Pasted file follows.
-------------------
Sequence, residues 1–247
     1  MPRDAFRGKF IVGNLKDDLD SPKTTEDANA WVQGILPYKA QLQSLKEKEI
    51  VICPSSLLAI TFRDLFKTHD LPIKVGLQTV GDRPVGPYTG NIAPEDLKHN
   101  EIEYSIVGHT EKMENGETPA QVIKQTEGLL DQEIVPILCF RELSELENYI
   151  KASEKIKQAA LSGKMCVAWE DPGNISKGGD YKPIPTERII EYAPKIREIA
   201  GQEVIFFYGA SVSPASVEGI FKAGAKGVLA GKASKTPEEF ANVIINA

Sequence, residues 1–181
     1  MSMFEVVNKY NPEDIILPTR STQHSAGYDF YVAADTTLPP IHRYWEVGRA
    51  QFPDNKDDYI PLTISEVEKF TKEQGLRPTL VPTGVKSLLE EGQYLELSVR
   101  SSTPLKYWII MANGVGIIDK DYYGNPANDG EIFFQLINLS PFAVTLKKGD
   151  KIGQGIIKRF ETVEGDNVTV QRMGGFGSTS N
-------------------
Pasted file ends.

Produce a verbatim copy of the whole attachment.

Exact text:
Sequence, residues 1–247
     1  MPRDAFRGKF IVGNLKDDLD SPKTTEDANA WVQGILPYKA QLQSLKEKEI
    51  VICPSSLLAI TFRDLFKTHD LPIKVGLQTV GDRPVGPYTG NIAPEDLKHN
   101  EIEYSIVGHT EKMENGETPA QVIKQTEGLL DQEIVPILCF RELSELENYI
   151  KASEKIKQAA LSGKMCVAWE DPGNISKGGD YKPIPTERII EYAPKIREIA
   201  GQEVIFFYGA SVSPASVEGI FKAGAKGVLA GKASKTPEEF ANVIINA

Sequence, residues 1–181
     1  MSMFEVVNKY NPEDIILPTR STQHSAGYDF YVAADTTLPP IHRYWEVGRA
    51  QFPDNKDDYI PLTISEVEKF TKEQGLRPTL VPTGVKSLLE EGQYLELSVR
   101  SSTPLKYWII MANGVGIIDK DYYGNPANDG EIFFQLINLS PFAVTLKKGD
   151  KIGQGIIKRF ETVEGDNVTV QRMGGFGSTS N